Since that Ryman unveiling, the song has gotten a bump — not on the charts, but in the form of the baby bump that first-time mom-to-be Guyton was rocking during Wednesday’s performance. As a visual bell-and-whistle, Guyton’s pregnancy could hardly have been better planned, as the once theoretical thoughts about what to tell a daughter about what darknesses await in the real world now are headed to something she too will face, if it does turn out to be a girl on the way. “What Are You Gonna Tell Her?” is not just a mom song, though; it’s easy to imagine its sentiments as being those of a progressive version of the proverbial father waiting with the shotgun for a young man, or a worrisome world, to bring his daughter home after curfew. Probably anyone whose current status is not “bro” can find something to relate to in the number, which, while unabashedly feminist, speaks to anyone who wants to cherish and protect young women.

Or does it? Amid all the tear-stained tweets saying viewers were knocked out by Guyton’s song, there were pockets of resistance from the occasional tweeter who found it too dour or depressing, too victimized, or maybe just too liberal in its leaning somehow. “Wow, I’m out on her music,” tweeted one man. “Learn something from Kane Brown… be positive. That’s all,” he helpfully mansplained. (Brown, another Black performer on the program, sang “Worldwide Beautiful,” an optimistic song about racial harmony that says, “You’re missing every color if you’re only seeing black and white.”) And then, also on Twitter, there was a proudly Trump-supporting woman who responded to Guyton’s performance by writing: “I refuse to believe that I am oppressed and not provided the same opportunities as other genders and ethnicities.” In response to the song’s title question, the woman wrote, “I will tell her that she is equal.”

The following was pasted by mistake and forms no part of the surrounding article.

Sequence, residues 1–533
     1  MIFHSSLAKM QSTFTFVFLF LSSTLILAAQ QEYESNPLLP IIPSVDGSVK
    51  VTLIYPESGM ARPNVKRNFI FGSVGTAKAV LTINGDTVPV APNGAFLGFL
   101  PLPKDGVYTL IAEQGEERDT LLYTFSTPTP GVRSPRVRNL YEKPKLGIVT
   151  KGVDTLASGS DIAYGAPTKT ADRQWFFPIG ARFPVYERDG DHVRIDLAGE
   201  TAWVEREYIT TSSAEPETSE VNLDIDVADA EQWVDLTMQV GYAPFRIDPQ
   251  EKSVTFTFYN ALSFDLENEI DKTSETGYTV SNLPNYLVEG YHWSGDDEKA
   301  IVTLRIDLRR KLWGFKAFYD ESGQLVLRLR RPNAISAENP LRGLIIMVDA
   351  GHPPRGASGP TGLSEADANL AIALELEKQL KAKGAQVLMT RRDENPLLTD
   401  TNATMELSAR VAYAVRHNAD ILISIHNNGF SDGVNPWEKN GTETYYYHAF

Country music is not a medium that easily makes room in the modern era for the world-weary cynicism about hurdles on the road to racial and sexual equality and just general human nature that pops up in “What Are You Gonna Tell Her?” It’s bracing stuff for any genre, really, and not made any less so by being so proficiently belted by someone who is now on her eighth or ninth year of being called the new Carrie Underwood. But what are we gonna tell her — Guyton’s daughter, if she has one? We’re gonna tell her that on Sept. 16, 2020, mom delivered a large portion of TV-watching America a harsh message with all the beauty she had at her disposal, and that, by and large, they got it.


The lyrics to “What Are You Gonna Tell Her?” (co-written by Guyton with Emma Lee, Karen Kosowski and Victoria Banks):

She thinks life is fair
God hears every prayer
And everyone gets their ever after
She thinks love is love
And if you work hard, that’s enough
Skin’s just skin and it doesn’t matter

And that her friend’s older brother’s gonna keep his hands to himself
And that somebody’s gonna believe her when she tells

But what are you gonna tell her
When she’s wrong
Will you just shrug and say it’s been that way all along
What are you gonna tell her
When she figures out
That all this time you built her up just so the world could let her down
Yeah what do you tell her
What are you gonna tell her

Do you just let her pretend
That she could be the president
Would it help us get there any faster
Do you let her think the deck’s not stacked
And gay or straight or white or black
You just dream and anything can happen

Do you tell her not to fight
Is it worth the sacrifice
Can you look her in the face
And promise her that things’ll change

What are you gonna tell her
Maybe you can’t
Cause there ain’t no way
You can’t explain
What you don’t understand
Yeah what the hell do you tell her